[11] In summary, this paper contains three main contributions: (i) we propose a novel decision-analytic framework for studying water resources management in noncooperative, multiple decision makers' problems defining agents' behaviors based on the autonomous resolution of optimization problems, instead of a priori behavioral rules; (ii) we analyze the role of information exchange and the benefits that can be achieved with this simple coordination mechanism: it does not affect the benefits of the upstream agents and consequently, is feasible by nature as each agent cannot improve his benefit acting unilaterally; and (iii) we propose to estimate the value of cooperation and information exchange in a multiobjective problem by working on the Pareto front to a posteriori estimate the economic value of the ecological objectives, whose monetization is usually affected by high uncertainty.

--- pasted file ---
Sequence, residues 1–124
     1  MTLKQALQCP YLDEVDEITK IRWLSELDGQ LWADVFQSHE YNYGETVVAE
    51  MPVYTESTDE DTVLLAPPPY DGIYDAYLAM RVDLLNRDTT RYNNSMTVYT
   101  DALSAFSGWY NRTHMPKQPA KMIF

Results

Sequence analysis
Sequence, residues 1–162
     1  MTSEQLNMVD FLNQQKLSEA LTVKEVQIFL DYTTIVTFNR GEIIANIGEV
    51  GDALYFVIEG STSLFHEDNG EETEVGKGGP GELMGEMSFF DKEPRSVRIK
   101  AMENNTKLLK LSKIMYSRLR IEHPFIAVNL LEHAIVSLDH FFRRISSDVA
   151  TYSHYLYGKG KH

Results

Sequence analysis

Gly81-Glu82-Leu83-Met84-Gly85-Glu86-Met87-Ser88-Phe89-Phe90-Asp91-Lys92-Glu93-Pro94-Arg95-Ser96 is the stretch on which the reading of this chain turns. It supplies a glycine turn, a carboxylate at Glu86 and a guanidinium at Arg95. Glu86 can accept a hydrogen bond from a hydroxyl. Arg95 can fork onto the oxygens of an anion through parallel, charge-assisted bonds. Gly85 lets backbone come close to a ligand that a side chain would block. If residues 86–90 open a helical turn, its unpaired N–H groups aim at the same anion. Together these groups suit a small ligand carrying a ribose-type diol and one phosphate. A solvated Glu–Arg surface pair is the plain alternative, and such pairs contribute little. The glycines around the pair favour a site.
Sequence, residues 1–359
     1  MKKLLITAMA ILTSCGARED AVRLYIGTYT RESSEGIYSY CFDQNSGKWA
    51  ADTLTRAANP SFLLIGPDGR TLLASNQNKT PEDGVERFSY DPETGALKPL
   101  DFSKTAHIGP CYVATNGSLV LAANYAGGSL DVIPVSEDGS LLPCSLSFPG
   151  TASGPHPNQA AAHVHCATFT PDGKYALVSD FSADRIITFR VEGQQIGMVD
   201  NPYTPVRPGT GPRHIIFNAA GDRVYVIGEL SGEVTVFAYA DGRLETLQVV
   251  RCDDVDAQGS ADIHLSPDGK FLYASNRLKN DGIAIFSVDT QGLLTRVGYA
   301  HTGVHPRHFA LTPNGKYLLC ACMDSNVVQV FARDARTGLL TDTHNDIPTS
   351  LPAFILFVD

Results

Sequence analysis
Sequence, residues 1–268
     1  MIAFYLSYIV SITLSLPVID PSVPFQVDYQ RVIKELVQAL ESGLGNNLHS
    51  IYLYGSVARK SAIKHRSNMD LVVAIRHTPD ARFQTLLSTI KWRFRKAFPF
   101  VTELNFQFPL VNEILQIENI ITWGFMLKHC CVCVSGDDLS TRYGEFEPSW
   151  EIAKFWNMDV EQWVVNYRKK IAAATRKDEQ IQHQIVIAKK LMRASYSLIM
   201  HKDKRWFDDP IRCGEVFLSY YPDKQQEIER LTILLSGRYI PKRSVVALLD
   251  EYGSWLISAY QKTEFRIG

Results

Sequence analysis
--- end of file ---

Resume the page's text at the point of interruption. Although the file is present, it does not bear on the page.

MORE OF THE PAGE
[12] This paper is organized as follows: the next section describes the methodology; section 3 presents a description of the Zambezi River case study. Results are reported in section 4, and final remarks, along with a discussion on the limitations of the proposed approach as well as issues for further research, are presented in the last section.

2. Methods and Tools

2.1. Multiagent Systems